“Ana and Oscar started the program shy and unsure”, explained Ms. LaPointe, which was made only more difficult due to the language barrier. “They both opened up and trusted in the process and were able to follow through the program to a very successful close despite all of their challenges. They were engaged, and their attendance was excellent throughout.”
When establishing goals in the beginning of the program, “Oscar had no problem specifying what he wanted to focus on within the anger, communication and parenting categories,” said Ms. LaPointe. “His most important goal was that he wanted to learn about what made him angry, and skills to manage those triggers.” Ms. LaPointe added that Oscar wanted to learn how to communicate better with Ana and with his children to be a better father.
Ana's big goal was communication. According to Ms. LaPointe, “She identified struggling with communication and wanted to learn how to communicate her feelings, resolve arguments and co-parent better. She also created a goal around understanding emotions, building awareness of her anger and building her confidence in herself.”
“Oscar’s restorative father-child session was the most heartwarming therapy session I have had thus far,” said Ms. LaPointe. The Fathers for Change program ends with the father writing a letter to his children. The dad then reads the letter to their children and asks if they have questions, “Oscar put thought into his letter, was open about how nervous he was, and how important healing his relationship with his children was,” Ms. LaPointe shared. “Oscar came to the session that Thursday stating he was so nervous he barely slept, and that he had been practicing out loud all week as he was nervous about being able to read through the whole letter.” He read the letter to his children in Spanish while the interpreter and LaPointe sat as observers. Despite the language barrier, Lapointe said that she could hear the emotion in his voice “as he apologized to his children for his violence, explained what he learned with me, and the future he wanted with them.” He read his letter despite his tears and his voice breaking. “Oscar was crying, the interpreter was crying, his kids were crying, and so was I”, said LaPointe.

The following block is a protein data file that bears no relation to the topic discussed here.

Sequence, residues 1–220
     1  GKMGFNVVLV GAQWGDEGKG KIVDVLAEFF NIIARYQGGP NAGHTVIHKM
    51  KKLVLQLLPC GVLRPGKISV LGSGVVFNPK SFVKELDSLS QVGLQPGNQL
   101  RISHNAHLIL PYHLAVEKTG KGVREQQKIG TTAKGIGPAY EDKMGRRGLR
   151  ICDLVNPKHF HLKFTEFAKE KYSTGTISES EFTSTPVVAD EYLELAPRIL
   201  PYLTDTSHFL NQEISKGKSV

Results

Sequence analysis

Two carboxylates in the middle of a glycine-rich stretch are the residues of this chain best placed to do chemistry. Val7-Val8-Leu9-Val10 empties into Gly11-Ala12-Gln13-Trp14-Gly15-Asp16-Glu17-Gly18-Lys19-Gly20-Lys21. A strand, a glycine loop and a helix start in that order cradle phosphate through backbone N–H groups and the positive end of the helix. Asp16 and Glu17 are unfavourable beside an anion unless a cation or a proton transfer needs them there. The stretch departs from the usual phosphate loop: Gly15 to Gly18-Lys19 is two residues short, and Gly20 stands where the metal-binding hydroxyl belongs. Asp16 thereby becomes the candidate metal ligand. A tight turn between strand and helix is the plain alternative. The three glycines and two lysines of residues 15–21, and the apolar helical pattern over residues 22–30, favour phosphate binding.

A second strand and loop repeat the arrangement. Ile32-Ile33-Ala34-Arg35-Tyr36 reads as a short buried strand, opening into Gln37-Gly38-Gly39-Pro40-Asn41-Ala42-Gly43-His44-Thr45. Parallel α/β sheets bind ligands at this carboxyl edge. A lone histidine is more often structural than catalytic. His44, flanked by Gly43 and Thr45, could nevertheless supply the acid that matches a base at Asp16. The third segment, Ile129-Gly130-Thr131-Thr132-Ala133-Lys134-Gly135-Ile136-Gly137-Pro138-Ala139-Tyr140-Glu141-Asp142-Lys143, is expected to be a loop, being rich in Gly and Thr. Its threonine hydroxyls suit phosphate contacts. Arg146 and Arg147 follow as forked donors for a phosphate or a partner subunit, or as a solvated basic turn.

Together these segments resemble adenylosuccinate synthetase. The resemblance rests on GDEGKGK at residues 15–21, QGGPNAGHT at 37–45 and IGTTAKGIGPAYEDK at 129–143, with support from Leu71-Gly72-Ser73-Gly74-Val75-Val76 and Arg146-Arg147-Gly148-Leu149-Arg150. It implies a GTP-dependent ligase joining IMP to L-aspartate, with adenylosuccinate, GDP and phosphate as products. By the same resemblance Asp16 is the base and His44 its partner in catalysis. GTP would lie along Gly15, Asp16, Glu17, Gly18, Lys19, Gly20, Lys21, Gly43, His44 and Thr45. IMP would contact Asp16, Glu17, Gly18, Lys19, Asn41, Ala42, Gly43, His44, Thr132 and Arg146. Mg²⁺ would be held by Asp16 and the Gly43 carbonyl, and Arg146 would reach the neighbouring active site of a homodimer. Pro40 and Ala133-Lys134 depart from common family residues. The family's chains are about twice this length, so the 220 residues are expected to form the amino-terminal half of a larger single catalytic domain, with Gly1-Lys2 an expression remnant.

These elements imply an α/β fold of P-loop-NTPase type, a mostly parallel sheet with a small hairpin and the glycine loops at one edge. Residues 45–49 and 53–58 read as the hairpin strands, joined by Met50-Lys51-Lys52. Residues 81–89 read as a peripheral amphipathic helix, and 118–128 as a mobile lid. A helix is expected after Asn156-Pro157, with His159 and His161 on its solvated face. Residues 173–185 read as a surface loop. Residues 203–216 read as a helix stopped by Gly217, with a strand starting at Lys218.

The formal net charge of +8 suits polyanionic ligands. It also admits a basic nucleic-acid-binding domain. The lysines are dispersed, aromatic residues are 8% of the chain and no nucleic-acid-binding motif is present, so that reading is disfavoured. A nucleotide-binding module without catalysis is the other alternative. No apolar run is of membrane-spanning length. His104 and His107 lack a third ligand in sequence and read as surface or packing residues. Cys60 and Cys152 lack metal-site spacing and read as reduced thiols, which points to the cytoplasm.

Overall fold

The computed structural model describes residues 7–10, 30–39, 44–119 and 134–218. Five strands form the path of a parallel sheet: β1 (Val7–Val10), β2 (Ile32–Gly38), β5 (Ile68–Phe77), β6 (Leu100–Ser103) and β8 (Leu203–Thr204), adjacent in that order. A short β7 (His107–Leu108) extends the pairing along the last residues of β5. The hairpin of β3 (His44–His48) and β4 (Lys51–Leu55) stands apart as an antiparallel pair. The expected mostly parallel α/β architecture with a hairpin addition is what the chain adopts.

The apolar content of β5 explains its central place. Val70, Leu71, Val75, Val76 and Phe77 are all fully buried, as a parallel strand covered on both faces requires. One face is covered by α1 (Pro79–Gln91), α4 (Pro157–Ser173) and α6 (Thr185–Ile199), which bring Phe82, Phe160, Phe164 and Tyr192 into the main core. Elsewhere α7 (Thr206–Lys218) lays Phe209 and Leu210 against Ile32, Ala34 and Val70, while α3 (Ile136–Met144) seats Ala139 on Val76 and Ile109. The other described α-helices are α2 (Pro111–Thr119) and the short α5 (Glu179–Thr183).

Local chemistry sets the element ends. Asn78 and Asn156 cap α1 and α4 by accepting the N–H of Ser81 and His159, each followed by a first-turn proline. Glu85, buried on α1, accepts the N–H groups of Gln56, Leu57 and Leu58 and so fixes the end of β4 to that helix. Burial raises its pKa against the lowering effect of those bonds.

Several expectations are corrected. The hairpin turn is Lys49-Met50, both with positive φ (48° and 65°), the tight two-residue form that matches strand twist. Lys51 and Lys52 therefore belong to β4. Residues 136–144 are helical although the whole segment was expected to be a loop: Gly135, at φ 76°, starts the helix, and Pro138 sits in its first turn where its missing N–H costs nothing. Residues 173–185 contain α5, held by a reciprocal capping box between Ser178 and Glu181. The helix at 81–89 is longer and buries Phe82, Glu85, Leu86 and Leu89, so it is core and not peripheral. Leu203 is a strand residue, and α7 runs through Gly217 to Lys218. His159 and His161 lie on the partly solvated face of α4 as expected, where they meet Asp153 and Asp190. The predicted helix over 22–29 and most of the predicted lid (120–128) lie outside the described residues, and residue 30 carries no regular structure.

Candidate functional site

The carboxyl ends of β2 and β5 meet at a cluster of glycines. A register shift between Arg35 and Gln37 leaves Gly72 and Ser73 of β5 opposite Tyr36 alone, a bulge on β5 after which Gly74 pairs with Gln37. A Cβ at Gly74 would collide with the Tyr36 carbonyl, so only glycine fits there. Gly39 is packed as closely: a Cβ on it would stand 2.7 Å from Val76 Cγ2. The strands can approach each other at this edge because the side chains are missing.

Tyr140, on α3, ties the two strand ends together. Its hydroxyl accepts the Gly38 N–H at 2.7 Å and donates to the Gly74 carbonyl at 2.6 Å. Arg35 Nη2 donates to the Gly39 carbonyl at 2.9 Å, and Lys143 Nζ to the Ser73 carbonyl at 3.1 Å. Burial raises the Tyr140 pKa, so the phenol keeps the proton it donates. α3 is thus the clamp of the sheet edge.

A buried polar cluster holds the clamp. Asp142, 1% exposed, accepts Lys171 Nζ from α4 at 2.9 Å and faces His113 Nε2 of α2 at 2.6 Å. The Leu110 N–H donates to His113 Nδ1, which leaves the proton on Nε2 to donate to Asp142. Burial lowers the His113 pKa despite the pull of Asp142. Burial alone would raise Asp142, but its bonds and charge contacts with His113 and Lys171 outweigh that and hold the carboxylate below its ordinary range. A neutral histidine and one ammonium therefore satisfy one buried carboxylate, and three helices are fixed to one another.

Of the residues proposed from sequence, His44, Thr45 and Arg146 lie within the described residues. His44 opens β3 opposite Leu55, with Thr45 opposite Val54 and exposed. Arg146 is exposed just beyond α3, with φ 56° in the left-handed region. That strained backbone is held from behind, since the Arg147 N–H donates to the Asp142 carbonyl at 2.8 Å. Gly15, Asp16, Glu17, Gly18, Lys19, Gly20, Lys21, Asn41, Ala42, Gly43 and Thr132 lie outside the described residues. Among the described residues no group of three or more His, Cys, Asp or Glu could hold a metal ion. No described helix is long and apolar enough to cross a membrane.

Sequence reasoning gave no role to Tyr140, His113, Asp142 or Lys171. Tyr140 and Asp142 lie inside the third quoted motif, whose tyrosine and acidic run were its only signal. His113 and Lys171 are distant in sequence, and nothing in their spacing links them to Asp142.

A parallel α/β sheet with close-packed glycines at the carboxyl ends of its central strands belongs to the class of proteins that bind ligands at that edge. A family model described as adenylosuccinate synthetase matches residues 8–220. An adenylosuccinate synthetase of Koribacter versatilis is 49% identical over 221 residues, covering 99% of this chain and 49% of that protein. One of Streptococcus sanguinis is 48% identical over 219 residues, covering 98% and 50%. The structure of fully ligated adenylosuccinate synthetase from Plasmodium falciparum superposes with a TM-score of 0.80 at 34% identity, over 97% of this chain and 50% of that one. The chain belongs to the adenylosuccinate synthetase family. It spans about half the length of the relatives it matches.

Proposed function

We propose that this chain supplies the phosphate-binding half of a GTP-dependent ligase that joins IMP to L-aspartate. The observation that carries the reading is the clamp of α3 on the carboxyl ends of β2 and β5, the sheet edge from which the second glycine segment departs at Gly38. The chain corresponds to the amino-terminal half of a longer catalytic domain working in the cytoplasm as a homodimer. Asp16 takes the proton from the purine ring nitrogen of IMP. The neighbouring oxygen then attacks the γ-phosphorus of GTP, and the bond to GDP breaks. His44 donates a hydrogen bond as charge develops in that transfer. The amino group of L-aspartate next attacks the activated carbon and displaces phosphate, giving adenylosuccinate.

Oscar said the words "I love you" to his children in that letter multiple times. “And I sat there as the clinician knowing that he had never had the confidence to say that to his children before, and share his love openly with them, due to how he was raised and the lack of confidence. It gives me goosebumps thinking about it,” Ms. LaPointe said.
Carmen Figueroa, a member of the IPV –FAIR team, utilized the Circle of Security (COSP) protocol with the family, as well as significant case management. Both Ana and Oscar attended sessions describing how excited they were to use the skills they learned in COSP, often with a sense of wonderment that they could see and understand the concepts that were explored in session. Ms. Figueroa said, "The family was motivated to change and provide a healthier environment for their children. We provided the tools, but they did the hard work."
Ms. LaPointe said, “I enjoyed our work together and the changes I could see happening before me. They worked HARD. But, as I told them, I was very excited to release them into the world to become even better parents and improve their relationship patterns even more. A huge success for IPV-FAIR. I hold this case close in my heart.”
When Mr. Miguel was asked to share words of advice to another dad, struggling with the same issues he once had, he eagerly offered, “I would gladly tell any father that it is never too late to fight for your family. Please, look at me as an example. Look around at what is happening to your family. Your actions are affecting everyone around you. Look, seek help, understand what is causing the problem and accept that there are issues we all need to work on.”
Ms. Ascencio is now taking a computer course to help her children with distant learning responsibilities while Mr. Miguel is cleaning the house and cooking. The two are co-parenting their children, utilizing the skills they learned through the dedicated IPV-FAIR team, and sharing their day to day life together.
With the memories of rage, violence and alcoholism behind them, the commitment to each other and their children has taken front and center. Ana and Oscar's new reality is life filled with love, understanding and confidence that they can meet life's challenges together for the better of the next generation.